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Ben Altheimer, 84 Today, is a Buoyant Optimist

Ben Altheimer is eighty-four today.

Philanthropist and, in his own words, “plain American citizen,” Mr. Altheimer, whose suggestion of a national observance of Flag Day caused President Wilson to issue the first proclamation of this holiday in 1917, has turned down invitations to commemorate his birthday. He is to spend the day in his usual way, reading, and walking, if the weather permits, and talking with friends at the Harmony Club on East Sixtieth street, where he has been a member for many years.

Born in Germany March 6, 1850, Mr. Altheimer came to the United States and made his home in St. Louis. There he entered banking, and in a comparatively short time became a leader in that field. He came to New York sixteen years ago and engaged in philanthropy and social work. He was vice-president of Temple Emanu-El, president of Temple Beth-El, and treasurer of the National Jewish Hospital at Denver. In 1927 he received the Cross of Honor from the United States Flag Association in recognition of his work in connection with Flag Day.

Interviewed at his home, 28 East Sixty-third street, yesterday, Mr. Altheimer said that he is “twenty-eight years old,” and referred to himself as a “very young man, a soldier of the Sefer Hatorah, with rather an optimistic view of life.”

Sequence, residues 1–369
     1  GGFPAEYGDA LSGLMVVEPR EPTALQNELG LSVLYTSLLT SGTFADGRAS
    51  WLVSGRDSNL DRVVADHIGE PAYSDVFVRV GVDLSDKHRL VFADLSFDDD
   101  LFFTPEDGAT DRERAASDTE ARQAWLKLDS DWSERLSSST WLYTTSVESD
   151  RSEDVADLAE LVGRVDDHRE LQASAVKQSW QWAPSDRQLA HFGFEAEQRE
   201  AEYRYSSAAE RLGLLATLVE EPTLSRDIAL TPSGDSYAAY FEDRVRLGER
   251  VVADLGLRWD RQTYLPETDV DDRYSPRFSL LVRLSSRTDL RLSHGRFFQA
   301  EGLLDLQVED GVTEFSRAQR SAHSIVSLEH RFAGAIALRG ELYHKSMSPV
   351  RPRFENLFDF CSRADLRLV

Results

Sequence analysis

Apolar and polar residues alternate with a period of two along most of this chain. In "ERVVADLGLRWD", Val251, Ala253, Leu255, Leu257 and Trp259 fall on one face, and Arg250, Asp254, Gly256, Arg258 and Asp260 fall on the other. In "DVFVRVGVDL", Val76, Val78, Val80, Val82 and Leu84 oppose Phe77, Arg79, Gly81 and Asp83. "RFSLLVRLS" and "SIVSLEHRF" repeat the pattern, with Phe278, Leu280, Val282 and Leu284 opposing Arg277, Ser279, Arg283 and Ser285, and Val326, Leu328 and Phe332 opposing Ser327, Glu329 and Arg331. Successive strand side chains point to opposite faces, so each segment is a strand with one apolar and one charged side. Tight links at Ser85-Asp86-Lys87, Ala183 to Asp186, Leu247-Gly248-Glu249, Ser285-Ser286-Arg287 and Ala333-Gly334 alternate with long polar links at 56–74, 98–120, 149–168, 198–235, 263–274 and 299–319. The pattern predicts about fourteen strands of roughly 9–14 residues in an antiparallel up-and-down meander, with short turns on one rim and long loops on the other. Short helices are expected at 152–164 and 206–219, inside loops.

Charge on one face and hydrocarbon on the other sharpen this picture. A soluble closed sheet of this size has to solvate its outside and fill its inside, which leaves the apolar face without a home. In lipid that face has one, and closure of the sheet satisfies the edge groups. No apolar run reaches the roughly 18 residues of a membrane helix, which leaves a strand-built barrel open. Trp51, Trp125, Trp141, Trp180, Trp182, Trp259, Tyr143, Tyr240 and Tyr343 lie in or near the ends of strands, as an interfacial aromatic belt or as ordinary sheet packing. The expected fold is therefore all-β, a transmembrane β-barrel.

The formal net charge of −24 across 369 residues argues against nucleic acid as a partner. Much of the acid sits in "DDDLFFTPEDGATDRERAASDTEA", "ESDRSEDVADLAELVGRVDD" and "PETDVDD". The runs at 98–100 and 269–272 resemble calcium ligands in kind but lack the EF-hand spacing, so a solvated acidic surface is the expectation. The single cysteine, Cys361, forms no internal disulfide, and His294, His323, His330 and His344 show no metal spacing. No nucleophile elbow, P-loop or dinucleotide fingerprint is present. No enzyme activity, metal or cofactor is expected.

He told a Jewish Daily Bulletin representative how he thought of establishing the military formation, “retreat,” as a “national observance.” Thus originated his idea of having President Wilson order a Flag Day national holiday.

Mr. Altheimer spoke of charity as “one of the important things of every man’s life,” and repeated an adage of his own saying, “He who gives quickly, gives twice.”

In an article which he wrote in 1918, he called attention to the fact that anti-Semitism is a “German made product,” and today he repeats that the “Jew will come into his own, regardless of how he is mistreated.”

So long as there is a Jew, there will be intolerance, he said. “But we shall have our day.”

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